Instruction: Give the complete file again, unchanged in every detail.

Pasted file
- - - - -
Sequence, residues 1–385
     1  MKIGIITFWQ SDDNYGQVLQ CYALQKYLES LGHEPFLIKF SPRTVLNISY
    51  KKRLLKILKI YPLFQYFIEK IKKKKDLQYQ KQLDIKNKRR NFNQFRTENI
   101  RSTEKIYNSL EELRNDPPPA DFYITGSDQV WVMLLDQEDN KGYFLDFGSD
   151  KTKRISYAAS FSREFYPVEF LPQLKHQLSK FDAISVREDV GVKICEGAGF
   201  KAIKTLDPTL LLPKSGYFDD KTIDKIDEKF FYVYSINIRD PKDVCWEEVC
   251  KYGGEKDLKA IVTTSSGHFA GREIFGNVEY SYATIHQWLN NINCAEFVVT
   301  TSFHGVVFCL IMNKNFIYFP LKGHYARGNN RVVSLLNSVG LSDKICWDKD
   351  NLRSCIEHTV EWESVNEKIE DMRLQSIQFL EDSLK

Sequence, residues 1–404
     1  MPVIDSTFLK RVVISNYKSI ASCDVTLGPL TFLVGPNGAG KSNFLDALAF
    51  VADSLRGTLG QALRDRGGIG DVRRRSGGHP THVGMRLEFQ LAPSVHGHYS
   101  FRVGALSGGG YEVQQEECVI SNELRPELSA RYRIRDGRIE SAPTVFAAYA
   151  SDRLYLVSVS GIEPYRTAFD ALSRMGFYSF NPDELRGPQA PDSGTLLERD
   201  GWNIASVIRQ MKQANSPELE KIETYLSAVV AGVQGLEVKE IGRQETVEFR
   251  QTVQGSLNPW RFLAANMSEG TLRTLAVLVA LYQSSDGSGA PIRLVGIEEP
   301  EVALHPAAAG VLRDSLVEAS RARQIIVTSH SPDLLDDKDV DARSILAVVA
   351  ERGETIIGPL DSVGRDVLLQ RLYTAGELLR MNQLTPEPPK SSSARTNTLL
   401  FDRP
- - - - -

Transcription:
Sequence, residues 1–385
     1  MKIGIITFWQ SDDNYGQVLQ CYALQKYLES LGHEPFLIKF SPRTVLNISY
    51  KKRLLKILKI YPLFQYFIEK IKKKKDLQYQ KQLDIKNKRR NFNQFRTENI
   101  RSTEKIYNSL EELRNDPPPA DFYITGSDQV WVMLLDQEDN KGYFLDFGSD
   151  KTKRISYAAS FSREFYPVEF LPQLKHQLSK FDAISVREDV GVKICEGAGF
   201  KAIKTLDPTL LLPKSGYFDD KTIDKIDEKF FYVYSINIRD PKDVCWEEVC
   251  KYGGEKDLKA IVTTSSGHFA GREIFGNVEY SYATIHQWLN NINCAEFVVT
   301  TSFHGVVFCL IMNKNFIYFP LKGHYARGNN RVVSLLNSVG LSDKICWDKD
   351  NLRSCIEHTV EWESVNEKIE DMRLQSIQFL EDSLK

Sequence, residues 1–404
     1  MPVIDSTFLK RVVISNYKSI ASCDVTLGPL TFLVGPNGAG KSNFLDALAF
    51  VADSLRGTLG QALRDRGGIG DVRRRSGGHP THVGMRLEFQ LAPSVHGHYS
   101  FRVGALSGGG YEVQQEECVI SNELRPELSA RYRIRDGRIE SAPTVFAAYA
   151  SDRLYLVSVS GIEPYRTAFD ALSRMGFYSF NPDELRGPQA PDSGTLLERD
   201  GWNIASVIRQ MKQANSPELE KIETYLSAVV AGVQGLEVKE IGRQETVEFR
   251  QTVQGSLNPW RFLAANMSEG TLRTLAVLVA LYQSSDGSGA PIRLVGIEEP
   301  EVALHPAAAG VLRDSLVEAS RARQIIVTSH SPDLLDDKDV DARSILAVVA
   351  ERGETIIGPL DSVGRDVLLQ RLYTAGELLR MNQLTPEPPK SSSARTNTLL
   401  FDRP